Something that started out as a possible Boy Scout project ended up as a generous gift to Wonewoc-Center schools from a Baraboo business man.
Tom Keller, scoutmaster for the local Boy Scout Troop 119, said, "Two years ago in the fall, the Wonewoc and Baraboo troops toured the Resonance Research Corporation in Baraboo prior to them shipping their electric projects to customers. We thought it would be a good idea to earn an electricity merit badge for our scouts."
He said the display was amazing and several youth and adults were interested in finding out more about it. In stepped D.C. Cox, who was instrumental in helping provide the school with their own Tesla coil.
A Tesla coil is an electric transformer used to produce high voltages of electricity. For example, it transforms 120 volts of electricity to 15,000 volts.
June 7, Cox helped demonstrate the ultra-reliable electrical exhibit at the school.
Cox said, "I am the owner of the business, which I started 45 years ago. Most coils are built for science museums and schools along with some movies such as "Criss Angel: Mindfreak" and are sold around the world."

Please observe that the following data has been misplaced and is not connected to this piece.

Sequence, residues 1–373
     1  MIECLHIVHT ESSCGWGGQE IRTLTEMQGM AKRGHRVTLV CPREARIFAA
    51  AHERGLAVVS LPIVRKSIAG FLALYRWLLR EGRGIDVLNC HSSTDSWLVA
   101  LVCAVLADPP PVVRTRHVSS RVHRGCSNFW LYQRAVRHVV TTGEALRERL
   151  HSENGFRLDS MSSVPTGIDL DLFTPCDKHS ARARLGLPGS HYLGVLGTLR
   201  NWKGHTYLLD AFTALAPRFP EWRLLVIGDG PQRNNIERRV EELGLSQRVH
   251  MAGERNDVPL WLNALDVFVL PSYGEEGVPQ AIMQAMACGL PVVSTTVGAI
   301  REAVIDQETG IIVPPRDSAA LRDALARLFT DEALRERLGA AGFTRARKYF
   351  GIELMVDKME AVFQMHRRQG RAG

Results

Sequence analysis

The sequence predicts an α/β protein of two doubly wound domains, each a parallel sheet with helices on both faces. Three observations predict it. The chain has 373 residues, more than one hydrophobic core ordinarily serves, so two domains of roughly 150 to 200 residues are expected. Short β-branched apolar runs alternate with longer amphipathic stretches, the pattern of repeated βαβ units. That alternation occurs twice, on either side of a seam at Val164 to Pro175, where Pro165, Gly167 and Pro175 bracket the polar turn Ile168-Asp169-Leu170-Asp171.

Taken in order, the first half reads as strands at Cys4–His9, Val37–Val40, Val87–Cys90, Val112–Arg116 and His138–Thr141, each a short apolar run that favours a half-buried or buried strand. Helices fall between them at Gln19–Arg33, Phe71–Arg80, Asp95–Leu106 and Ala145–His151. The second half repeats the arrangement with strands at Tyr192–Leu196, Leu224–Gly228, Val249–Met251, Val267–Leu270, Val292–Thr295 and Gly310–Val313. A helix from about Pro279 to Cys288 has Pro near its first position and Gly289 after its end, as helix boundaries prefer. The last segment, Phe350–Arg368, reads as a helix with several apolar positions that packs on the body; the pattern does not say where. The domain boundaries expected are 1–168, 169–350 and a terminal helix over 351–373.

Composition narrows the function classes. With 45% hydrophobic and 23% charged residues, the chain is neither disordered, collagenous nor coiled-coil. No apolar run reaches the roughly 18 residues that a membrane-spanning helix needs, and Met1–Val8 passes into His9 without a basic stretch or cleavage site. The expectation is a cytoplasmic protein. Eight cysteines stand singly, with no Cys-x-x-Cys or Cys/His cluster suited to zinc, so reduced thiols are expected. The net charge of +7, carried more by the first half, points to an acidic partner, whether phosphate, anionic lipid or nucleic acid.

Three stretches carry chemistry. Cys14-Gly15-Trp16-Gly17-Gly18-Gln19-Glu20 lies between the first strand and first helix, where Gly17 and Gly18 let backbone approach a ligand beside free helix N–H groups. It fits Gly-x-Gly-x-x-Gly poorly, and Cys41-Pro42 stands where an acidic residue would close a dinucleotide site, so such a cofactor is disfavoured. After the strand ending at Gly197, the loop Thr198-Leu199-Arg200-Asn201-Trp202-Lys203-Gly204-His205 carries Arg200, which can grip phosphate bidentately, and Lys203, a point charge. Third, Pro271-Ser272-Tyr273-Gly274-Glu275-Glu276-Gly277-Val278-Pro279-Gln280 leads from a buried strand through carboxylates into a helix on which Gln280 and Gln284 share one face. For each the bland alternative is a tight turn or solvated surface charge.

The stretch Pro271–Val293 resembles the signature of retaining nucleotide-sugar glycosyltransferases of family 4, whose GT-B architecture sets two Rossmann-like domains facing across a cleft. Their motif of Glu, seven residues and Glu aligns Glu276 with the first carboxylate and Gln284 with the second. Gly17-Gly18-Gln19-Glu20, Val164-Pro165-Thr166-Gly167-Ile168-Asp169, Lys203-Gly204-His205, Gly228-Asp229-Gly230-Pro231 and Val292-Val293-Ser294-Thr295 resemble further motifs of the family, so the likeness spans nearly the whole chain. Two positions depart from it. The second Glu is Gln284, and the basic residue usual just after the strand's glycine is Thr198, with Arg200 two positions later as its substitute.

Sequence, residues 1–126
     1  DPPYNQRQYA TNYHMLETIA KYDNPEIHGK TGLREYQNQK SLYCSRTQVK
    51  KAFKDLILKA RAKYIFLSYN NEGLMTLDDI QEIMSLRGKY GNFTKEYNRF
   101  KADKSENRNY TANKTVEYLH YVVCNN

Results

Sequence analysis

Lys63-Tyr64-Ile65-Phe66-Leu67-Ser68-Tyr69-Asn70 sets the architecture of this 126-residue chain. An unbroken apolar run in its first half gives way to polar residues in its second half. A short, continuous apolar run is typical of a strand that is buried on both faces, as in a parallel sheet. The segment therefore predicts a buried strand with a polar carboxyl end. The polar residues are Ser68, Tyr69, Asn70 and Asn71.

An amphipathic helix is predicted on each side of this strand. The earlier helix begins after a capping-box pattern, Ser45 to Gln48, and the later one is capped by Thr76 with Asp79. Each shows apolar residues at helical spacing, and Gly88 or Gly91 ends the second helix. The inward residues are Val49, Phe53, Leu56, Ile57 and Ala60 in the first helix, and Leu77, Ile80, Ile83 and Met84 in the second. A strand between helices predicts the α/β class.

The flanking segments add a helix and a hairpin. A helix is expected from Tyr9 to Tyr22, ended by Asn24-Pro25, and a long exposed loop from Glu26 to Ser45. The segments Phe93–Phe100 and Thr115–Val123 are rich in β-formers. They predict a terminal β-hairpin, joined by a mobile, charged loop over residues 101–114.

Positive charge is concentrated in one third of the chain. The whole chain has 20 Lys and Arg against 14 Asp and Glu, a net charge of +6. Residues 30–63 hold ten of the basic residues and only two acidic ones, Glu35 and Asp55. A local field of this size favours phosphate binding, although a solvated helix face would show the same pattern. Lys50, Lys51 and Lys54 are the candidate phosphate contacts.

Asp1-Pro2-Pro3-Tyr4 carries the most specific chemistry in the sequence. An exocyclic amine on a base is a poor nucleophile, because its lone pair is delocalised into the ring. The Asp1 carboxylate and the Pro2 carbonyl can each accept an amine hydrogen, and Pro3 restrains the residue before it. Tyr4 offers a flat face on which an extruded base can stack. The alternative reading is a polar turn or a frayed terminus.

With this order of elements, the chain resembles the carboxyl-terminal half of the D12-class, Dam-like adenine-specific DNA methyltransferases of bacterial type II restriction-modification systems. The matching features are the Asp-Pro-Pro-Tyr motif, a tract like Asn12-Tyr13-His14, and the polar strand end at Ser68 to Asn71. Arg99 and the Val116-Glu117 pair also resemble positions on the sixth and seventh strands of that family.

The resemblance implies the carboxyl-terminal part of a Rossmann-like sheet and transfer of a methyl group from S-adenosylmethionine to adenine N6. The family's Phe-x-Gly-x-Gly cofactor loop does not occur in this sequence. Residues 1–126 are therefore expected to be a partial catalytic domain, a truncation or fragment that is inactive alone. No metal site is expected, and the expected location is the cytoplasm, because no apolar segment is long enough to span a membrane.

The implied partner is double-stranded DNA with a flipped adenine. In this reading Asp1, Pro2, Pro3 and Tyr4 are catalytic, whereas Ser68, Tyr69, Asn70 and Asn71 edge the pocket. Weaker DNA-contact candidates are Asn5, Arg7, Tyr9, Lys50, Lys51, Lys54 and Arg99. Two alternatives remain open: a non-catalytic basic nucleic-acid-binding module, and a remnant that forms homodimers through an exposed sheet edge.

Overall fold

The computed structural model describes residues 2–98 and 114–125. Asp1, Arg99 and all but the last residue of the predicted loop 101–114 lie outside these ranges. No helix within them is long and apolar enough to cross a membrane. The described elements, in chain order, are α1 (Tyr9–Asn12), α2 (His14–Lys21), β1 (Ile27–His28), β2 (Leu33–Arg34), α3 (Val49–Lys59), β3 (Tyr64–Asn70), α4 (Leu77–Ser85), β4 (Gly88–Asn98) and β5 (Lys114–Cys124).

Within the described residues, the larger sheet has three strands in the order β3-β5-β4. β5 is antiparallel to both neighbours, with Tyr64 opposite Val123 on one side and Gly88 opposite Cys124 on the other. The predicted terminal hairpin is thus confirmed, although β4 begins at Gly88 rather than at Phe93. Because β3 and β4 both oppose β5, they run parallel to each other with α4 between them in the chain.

He provided a PowerPoint presentation for students, along with telling the history of inventors of the generation of high frequency currents.
Cox said the equipment would have cost about $6,000 if built for a customer.
Instead, the project was very labor intensive for the scouts. Keller, of Wonewoc, his son Alan, a seventh grader at the time, and Jace Rick, a fourth grader, spent a week last summer camping near Baraboo and working on the equipment at the shop.
In addition, Paul Ziebell, science teacher at W-C middle school and his son, Josiah, also helped with the construction project.
Building the coil was a dynamic, hands-on learning session for the students.
Keller said, "D.C. walked them through how the components were hooked up."
Cox said, "I also asked them what the parts were, such as the transformer, what they do and about the primary and secondary coil."
He said the youth also needed to be able to diagram the project before starting.
Keller said the students were then able to participate in Teslafest 2009, which is held at Resonance Research Corp., and demonstrated and explained the technology to the public.
Other business owners donated items for constructing the coil. Keller said Hammond Power Solutions donated the fine wire for the secondary coil; the Carpet Center provided the cardboard tube; Fearings TV of Reedsburg donated the motor blower and Runick Metal Recycling of Wonewoc donated the ground wire.
Resonance Research Corporation's museum quality products have provided a gateway to science awareness, offered exhibits for science education, and promoted experimental learning.